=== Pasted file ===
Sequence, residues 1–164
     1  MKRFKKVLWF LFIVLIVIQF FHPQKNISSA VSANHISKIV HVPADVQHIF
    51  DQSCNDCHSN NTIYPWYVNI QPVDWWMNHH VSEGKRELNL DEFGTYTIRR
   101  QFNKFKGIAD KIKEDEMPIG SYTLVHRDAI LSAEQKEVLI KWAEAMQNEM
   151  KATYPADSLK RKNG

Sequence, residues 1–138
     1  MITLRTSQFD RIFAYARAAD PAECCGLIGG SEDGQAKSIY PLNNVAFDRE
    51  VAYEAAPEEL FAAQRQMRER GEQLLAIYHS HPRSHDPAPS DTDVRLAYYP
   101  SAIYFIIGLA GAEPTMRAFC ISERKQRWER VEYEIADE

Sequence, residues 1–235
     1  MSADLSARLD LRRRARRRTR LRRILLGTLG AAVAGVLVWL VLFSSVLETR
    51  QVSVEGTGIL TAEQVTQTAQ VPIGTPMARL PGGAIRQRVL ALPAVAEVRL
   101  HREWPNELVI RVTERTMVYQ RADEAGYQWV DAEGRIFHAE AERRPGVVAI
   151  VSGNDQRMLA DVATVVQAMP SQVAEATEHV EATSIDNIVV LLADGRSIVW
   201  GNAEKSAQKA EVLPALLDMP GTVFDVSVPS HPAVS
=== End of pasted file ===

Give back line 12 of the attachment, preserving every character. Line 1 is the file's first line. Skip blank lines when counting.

    51  QVSVEGTGIL TAEQVTQTAQ VPIGTPMARL PGGAIRQRVL ALPAVAEVRL